Update March 2019: This is article on peak-end theory has been updated and extended.
We’ll walk you through the psychology behind the peak-end theory, relevant research supporting it, and how it relates to pain and pleasure. As you will see, implications for understanding the peak-end theory can be game-changing, as it impacts many areas of life.
It may surprise you to hear how biased we are in how we form memories from our experiences. Even when we think we are recalling facts about an experience, our recollection of events is typically incomplete and heavily dependent upon the feelings we were having during the experience.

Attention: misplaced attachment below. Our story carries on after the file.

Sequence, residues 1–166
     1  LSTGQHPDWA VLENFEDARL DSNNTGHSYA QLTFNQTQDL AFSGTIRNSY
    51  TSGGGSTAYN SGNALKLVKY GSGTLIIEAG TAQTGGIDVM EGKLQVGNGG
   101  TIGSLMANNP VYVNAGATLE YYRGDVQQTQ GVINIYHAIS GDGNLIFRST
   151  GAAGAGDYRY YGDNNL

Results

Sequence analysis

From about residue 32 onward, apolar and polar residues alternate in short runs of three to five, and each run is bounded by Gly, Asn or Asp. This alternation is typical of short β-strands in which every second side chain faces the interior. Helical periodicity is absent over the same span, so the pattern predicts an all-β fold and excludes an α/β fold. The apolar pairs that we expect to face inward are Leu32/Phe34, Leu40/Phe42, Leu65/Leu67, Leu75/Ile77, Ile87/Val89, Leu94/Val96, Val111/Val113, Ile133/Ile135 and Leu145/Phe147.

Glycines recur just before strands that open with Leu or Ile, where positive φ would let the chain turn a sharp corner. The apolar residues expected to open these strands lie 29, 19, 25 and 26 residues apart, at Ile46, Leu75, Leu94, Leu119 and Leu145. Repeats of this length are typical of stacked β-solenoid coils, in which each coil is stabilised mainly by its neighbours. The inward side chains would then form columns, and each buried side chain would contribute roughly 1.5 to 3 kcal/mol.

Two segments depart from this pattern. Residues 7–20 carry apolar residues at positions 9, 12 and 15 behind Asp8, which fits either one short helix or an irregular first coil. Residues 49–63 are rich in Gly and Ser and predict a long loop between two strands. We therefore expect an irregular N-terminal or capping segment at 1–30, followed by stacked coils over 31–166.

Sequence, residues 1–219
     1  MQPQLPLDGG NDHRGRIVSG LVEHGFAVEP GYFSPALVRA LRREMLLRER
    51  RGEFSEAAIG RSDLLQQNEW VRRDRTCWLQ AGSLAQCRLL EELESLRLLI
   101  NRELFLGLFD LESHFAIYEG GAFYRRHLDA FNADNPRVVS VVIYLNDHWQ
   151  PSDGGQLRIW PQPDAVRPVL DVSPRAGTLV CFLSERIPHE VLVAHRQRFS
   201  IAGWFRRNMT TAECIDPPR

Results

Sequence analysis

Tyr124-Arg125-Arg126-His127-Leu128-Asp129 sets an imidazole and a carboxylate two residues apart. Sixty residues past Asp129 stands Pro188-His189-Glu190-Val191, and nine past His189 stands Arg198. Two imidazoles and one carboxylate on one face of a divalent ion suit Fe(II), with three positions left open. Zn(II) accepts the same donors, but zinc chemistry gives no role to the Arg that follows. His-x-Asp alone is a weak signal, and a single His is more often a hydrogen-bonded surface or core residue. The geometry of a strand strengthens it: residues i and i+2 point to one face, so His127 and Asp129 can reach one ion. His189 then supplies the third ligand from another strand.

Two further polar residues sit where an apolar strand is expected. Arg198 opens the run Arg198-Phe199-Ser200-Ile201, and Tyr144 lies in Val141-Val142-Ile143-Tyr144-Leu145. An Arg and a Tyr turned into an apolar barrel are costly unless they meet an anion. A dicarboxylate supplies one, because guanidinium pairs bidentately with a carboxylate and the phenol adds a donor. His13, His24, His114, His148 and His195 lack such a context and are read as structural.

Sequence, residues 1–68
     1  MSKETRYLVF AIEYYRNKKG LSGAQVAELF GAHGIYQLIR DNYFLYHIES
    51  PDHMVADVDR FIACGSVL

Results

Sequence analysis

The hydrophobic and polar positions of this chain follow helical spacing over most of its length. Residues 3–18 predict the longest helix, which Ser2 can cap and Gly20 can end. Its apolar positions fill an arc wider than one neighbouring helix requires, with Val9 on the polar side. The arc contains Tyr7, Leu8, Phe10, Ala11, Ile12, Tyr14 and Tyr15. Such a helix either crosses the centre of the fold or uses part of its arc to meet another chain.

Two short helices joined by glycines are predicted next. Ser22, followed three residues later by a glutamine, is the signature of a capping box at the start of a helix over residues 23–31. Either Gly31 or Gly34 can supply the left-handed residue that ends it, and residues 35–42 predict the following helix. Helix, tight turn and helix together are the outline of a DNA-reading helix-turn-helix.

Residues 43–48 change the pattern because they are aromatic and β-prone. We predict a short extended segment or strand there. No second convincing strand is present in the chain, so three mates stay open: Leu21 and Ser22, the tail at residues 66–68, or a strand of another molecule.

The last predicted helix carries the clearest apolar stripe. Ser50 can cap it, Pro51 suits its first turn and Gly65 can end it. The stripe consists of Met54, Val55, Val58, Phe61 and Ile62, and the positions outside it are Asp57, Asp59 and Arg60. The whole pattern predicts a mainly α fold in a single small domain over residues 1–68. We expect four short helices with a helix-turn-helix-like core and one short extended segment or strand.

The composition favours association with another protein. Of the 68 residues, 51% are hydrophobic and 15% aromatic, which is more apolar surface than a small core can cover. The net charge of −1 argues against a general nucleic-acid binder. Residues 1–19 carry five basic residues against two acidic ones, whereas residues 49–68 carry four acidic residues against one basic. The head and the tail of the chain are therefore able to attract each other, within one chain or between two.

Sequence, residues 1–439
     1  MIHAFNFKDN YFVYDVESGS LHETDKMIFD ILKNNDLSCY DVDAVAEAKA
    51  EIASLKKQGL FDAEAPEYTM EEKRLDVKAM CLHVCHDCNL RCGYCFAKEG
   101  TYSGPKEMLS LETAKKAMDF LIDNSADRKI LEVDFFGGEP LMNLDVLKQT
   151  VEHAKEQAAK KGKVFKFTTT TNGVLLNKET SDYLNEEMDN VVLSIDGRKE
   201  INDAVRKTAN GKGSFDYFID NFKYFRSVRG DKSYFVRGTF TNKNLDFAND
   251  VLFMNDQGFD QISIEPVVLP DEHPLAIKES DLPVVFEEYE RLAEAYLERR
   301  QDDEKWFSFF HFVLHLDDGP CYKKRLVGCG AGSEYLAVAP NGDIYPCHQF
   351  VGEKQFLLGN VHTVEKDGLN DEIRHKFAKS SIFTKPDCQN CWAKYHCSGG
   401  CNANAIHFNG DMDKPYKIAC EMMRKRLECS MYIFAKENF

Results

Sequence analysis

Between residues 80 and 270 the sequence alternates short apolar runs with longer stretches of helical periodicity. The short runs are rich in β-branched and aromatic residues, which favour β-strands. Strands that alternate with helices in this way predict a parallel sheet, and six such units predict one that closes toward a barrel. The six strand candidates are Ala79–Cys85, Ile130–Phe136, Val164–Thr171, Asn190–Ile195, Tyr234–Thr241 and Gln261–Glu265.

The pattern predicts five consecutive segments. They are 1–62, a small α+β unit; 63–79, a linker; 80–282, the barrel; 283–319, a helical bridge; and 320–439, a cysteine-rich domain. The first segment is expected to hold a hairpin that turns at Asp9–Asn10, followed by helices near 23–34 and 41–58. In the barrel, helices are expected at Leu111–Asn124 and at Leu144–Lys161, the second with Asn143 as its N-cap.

It seems that our memories of positive and negative experiences are dependent upon two things: what we were feeling at the most extreme (peak) point and how the experience ended. Our memories are typically not an average of the experience or the amount of time we were engaged in the situation.
This psychological heuristic explains why we can actually be irrational in our recollection and memory of events. It also suggests that our memories consist of a series of highlights rather than a thorough record of facts and events.
Click here for the full article: https://positivepsychology.com/what-is-peak-end-theory/